KOTA KINABALU: Sabah Pakatan Harapan leaders will be proposing English as Sabah’s second official language and to re-set up the Malaysia Agreement Inter-Government Committee (IGC) in the coming state assembly meeting here this month.
Kadamaian assemblyman Datuk Ewon Benedick (Upko) and Luyang assemblyman Phoong Jin Zhe (DAP) said the proposals had been handed over to the State Assembly Speaker earlier Friday (July 8).
“We believe these proposals are important as they are related to the Malaysia Agreement 1963 (MA63) and the Inter-Governmental Committee (IGC) 1962 report,” he said in a statement.
He said making English as Sabah’s second official language would also help the people be more progressive and competitive through the mastering of the international language.
Ewon said the proposal to re-set up the IGC to restudy on the MA63 implementation was also among the components mentioned in the IGC report 1963 and MA63.
“We believe these matters need to be brought up and decided in the state assembly meeting to defend the rights of Sabahans as per MA63,” he said.
He said the matters above were some of Sabah’s main priorities to look at relating to MA63, following various views and suggestions on the MA63 including a proposal to come up with a new Malaysia Agreement.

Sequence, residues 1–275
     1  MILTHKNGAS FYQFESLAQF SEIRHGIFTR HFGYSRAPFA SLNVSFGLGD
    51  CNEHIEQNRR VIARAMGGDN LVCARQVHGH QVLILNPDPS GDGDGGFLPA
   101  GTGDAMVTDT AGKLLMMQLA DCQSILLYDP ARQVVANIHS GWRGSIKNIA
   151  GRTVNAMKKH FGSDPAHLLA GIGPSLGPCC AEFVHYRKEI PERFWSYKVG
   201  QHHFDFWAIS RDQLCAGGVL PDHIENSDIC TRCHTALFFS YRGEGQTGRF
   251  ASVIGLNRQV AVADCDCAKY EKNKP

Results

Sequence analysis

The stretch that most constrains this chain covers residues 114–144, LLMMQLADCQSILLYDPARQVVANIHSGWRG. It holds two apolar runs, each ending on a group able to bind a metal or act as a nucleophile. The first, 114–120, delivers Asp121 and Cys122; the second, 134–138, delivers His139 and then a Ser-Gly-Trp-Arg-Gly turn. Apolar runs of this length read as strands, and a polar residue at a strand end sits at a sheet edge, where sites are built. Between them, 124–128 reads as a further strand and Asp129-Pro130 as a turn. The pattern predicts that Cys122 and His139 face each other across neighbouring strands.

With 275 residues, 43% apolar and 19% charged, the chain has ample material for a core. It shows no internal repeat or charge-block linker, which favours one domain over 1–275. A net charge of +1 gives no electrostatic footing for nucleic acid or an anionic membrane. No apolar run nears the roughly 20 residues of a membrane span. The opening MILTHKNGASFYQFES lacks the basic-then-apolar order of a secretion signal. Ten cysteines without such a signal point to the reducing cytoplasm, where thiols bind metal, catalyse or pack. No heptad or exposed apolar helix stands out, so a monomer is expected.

The proposal to come up with a new Malaysia Agreement was mentioned by several leaders including Barisan Nasional deputy chairman Datuk Seri Mohamad Hasan.
He had recently suggested that the Sabah Barisan leadership propose a New Malaysia Agreement as a more concrete way forward towards realising the state’s rights and demands enshrined under MA63.
On this, Ewon said there was no need for a whole new MA63 deal to be made but instead, the points in the existing agreement should be fulfilled.
“As leaders chosen by the people, we will not hesitate to take this matter, including the 40% revenue claim, to court,” he said.
He also hopes that the state government would touch on programmes or solutions to ease the rising cost of living at present.
Ewon said the people deserve a proper explanation on why everything from essential goods to construction and agriculture materials are getting pricier.
“Items like cooking oil which are supposed to be easy to get, seeing that Sabah is an oil producing state itself, are difficult to come by in some shops. Why is this so?” he asked.
“Why is it that the cost of vegetables from the farms cannot be raised when the cost of plantation essentials like fertilizers have spiked?,” he asked.
Ewon said these are just some of the pressing issues that needed to be addressed in the state assembly meeting scheduled from July 18 to July 21.
On other matters, he said they have previously proposed for the setting up of an Economic Recovery Council which includes leaders from all blocks of parties including the opposition, but have fallen on deaf ears.
“Therefore, we hope to raise these matters in the assembly meeting later this month,” he said, in hopes that the meeting sessions would be extended by at least a day and a half to discuss and solve issues that are affecting the people.